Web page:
This is my third blog from the 10th World Urban Forum in Abu Dhabi in February 2020.
Today has not been a disaster! Far from it, there have been some really good stories to hear at the World Urban Forum. But I want to put the theme of disasters at the heart of this blog. In yesterday’s blog I mentioned the World Bank Report from 2016 that calculated that 26M people each year are pushed into poverty following a natural disaster, because they don’t have the networks and know-how to manage the crisis. Today I picked up a copy of a paper by Steve Matthewman and Hugh Byrd that is extremely critical of the post-disaster reconstruction of Christchurch after the earthquakes. They argue that, while “Build Back Better” is the mantra, the reality in Christchurch was “a textbook case in how NOT to build back better”,
Christchurch’s problems began when it was constructed by European settlers. The local Maori people rolled their eyes in bewilderment at the choice of the site, which was on a swamp, on a flood plain, at sea level and nestling on the junction of two tectonic plates. In short, Christchurch was always a disaster waiting to happen. “Build Back Better” is one of those glib phrases that so often seem to substitute for serious policy analysis. What is “better” and who decides? Matthewman and Byrd reject the notion cherished by some planners and designers that a disaster of this magnitude provides a blank canvas by clearing away the cluter of old infrastructure nd uses. Instead the authors describe disaster situaions as “highly complex”, where a combination of competing interest groups, inadequate information and time pressures combine to make decision making very difficult.
Specifically in Christchurch, a bottom-up consultation on how to rebuild, led by the local council, seems to have been sidelined as central government moved in. The outcome is that the city plan is not in line with preferences eexpressed by residents, but has also seen the rebuilding stalled. The citizens wanted a “compact, liveable eco-city” but the government’s preference was for large anchor projects and letting the market decide. Yet the Cathedral “remains a ruin. The surrounding city centre…awaits development. Construction of anchor projects like the Convention Centre have not been completed”. There are other unresolved issues about insurance claims, long term housing development and provision of sports facilities.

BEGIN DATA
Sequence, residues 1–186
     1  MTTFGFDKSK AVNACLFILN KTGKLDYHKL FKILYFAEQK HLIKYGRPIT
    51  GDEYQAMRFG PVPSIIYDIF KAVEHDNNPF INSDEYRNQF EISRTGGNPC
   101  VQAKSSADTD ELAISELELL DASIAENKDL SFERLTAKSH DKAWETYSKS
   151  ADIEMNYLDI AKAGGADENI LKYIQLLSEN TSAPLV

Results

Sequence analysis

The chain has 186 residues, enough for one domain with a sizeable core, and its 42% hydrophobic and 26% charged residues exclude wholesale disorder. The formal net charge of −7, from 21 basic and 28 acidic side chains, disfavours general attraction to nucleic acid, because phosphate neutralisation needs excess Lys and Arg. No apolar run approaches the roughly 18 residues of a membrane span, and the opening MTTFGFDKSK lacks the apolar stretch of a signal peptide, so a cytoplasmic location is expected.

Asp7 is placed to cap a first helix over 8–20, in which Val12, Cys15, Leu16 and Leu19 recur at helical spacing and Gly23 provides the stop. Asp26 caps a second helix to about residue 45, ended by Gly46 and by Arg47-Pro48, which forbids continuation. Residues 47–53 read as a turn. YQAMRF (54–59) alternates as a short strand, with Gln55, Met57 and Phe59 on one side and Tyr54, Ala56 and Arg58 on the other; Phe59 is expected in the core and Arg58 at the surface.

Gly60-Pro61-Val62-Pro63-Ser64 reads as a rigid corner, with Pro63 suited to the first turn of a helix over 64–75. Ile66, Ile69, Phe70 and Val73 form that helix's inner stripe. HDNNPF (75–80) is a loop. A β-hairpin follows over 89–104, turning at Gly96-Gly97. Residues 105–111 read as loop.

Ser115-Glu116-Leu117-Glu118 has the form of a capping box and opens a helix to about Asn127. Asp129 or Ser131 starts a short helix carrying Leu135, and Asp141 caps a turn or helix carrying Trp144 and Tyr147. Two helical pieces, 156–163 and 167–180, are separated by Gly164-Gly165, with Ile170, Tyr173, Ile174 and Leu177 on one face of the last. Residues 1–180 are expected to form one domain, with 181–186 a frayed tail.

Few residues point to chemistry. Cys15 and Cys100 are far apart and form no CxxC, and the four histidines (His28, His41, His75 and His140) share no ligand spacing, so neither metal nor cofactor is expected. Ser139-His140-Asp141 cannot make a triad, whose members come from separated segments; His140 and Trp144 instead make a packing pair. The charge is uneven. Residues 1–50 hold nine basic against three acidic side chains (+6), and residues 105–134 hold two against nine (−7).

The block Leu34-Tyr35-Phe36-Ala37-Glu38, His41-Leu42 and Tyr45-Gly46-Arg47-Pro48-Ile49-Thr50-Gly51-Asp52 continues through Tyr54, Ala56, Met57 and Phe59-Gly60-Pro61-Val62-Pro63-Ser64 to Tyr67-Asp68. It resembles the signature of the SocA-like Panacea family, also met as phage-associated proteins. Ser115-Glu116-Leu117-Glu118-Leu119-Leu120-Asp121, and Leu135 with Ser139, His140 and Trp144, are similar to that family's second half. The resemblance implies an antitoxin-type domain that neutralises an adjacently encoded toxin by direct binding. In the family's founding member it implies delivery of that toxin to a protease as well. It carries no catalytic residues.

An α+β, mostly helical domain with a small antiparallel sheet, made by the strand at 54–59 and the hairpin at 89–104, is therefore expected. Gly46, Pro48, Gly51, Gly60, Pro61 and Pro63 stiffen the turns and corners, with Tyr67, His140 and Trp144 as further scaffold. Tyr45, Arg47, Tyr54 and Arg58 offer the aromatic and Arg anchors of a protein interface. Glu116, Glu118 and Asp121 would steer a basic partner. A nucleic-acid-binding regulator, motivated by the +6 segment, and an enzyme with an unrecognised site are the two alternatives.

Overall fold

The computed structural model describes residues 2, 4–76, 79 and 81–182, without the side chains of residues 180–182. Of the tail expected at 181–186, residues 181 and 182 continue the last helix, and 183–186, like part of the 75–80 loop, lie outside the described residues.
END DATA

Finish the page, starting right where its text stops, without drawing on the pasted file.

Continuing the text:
The warning is that politicians love big projects (I write as, after a decade of austerity has closed youth centres, libraries, swimming pools etc. and the UK Prime Minister is talking up construction of a bridge to connect Scotand to Northern Ireland). But big projects also require, and so benefit financially, big companies. There are some important ethical issues here for planners and other built environment professionals who are likely to be caught on both sides of the line when such issues become contentious. “Serving the public interest” is just as bland and evasive as “Build Back Better” as an explanation for deeply political choices.
So it was that in another session at the WUF, I asked a question about the ethical risks that lurk within an enthusiastic rush by planners to embrace the panoply of smart city technologies. Yes there can be benefits but there are risks too. Increasing concern is being expressed about the power given to tech’ giants and their ability to catch and exploit every movement of a mobile phone. While the session chaired by RTPI President Sue Manns took a positive approach, asking how “PlanTech” could help deliver the Sustainable Development Goals, any application of the precautionary principle would also ask whether there were ways in which PlanTech could be used by vested interests to hinder delivery of the Goals? To cite just one concern, might omnipresent CCTV cameras, observing what may be ambiguously public space that is privately owned, be used to exclude “undesirables”?
The lack of planners and other built environment professionals in many countries is also a threat to achievng the SDGs. Research done by Built Environment Professionals in the Commonwealth and launched at the WUF revealed that as a general rule, the ratio of these professionals in the population was lowest in places where urbanisation is most rapid. Basically. at a global level, we have been living through a long experiment in just letting development happen, standing back as powerless to intervene as were those Maoris who watched the start of Christchurch. We need a real injection of resources to rebalance the geography of planners, architects and related professions on the world map. The climate emeregency alone should be enough to bang sense into economists at the top of finanace ministries: the threat to real estate investments that are concentrated in coastal cities is huge. In Christchurch, the quakes lowered flood plains by a metre along tidal stretches of the city’s main rivers.
Quite simply, we cannot go on like this. Action is needed, but there is little confidence that it will be forthcoming from governments in anything like the time available before the situation becomes a full-blown existential crisis. We need to do something and that something should be targeted at poor and vulnerable groups and places, and will require a new set of skills and a mobilisation of the scarce professional resource that too often has become indifferent to widening inequalities and risks. In Wednesday’s WUF, Planning Aid Scotland and ISOCARP will run a Networking Event to see if there is a willingness to work together to try to make a difference. I will blog about that afterwards.